A visceral and unflinching memoir of a young Russian soldier’s experience in the Chechen wars.
In 1995, Arkady Babchenko was an eighteen-year-old law student in Moscow when he was drafted into the Russian army and sent to Chechnya. It was the beginning of a torturous journey from naïve conscript to hardened soldier that took Babchenko from the front lines of the first Chechen War in 1995 to the second in 1999. He fought in major cities and tiny hamlets, from the bombed-out streets of Grozny to anonymous mountain villages. Babchenko takes the raw and mundane realities of war the constant cold, hunger, exhaustion, filth, and terror and twists it into compelling, haunting, and eerily elegant prose.
Acclaimed by reviewers around the world, this is a devastating first-person account of war that brilliantly captures the fear, drudgery, chaos, and brutality of modern combat. An excerpt of One Soldier’s War was hailed by Tibor Fisher in The Guardian as “right up there with Joseph Heller’s Catch-22 and Michael Herr’s Dispatches.” Mark Bowden, bestselling author of Black Hawk Down, hailed it as “hypnotic and terrifying” and the book won Russia’s inaugural Debut Prize, which recognizes authors who write despite, not because of, their life circumstances.
“If you haven’t yet learned that war is hell, this memoir by a young Russian recruit in his country’s battle with the breakaway republic of Chechnya, should easily convince you.” —Publishers Weekly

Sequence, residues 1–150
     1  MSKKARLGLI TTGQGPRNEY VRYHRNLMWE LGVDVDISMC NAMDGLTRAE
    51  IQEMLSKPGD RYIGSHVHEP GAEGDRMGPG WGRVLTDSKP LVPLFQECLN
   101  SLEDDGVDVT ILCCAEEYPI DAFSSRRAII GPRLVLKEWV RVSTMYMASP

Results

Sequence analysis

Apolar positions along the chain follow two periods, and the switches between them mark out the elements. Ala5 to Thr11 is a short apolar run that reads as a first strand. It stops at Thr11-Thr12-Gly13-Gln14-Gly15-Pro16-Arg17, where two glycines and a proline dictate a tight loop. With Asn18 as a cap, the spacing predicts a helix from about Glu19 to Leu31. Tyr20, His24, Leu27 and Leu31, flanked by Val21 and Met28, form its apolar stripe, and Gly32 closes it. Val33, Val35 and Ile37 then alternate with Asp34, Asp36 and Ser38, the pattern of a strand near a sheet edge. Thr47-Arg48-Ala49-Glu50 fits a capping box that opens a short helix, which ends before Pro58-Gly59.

If you haven't yet learned that war is hell, this memoir by a young Russian recruit in his country's battle with the breakaway republic of Chechnya, should easily convince you. And yet Babchenko, who was drafted in 1995 as a second-year law student for the first Chechnya campaign, actually volunteered for the second one in 1999 for reasons even he is hard put to explain. Written shortly after his discharge from the army, the book burns with the need to tell of his personal ordeal and that of his fellows as young, innocent and woefully inexperienced grunts condemned to a miserable life ruled by shell-shocked superiors and perpetual threats. Here there are no good guys or moral high purpose "No one, from the regimental commander to the rank and file soldier," Babchenko assures us, "understands why he is here"; one fights only for the fellow soldier next to him. Babchenko, now a journalist, demonstrates genuine literary ability, especially in the earlier vignette-like chapters, but readers will glean little about the conflict's political and historical context. Redundancy weakens a narrative that otherwise would have benefited from brevity.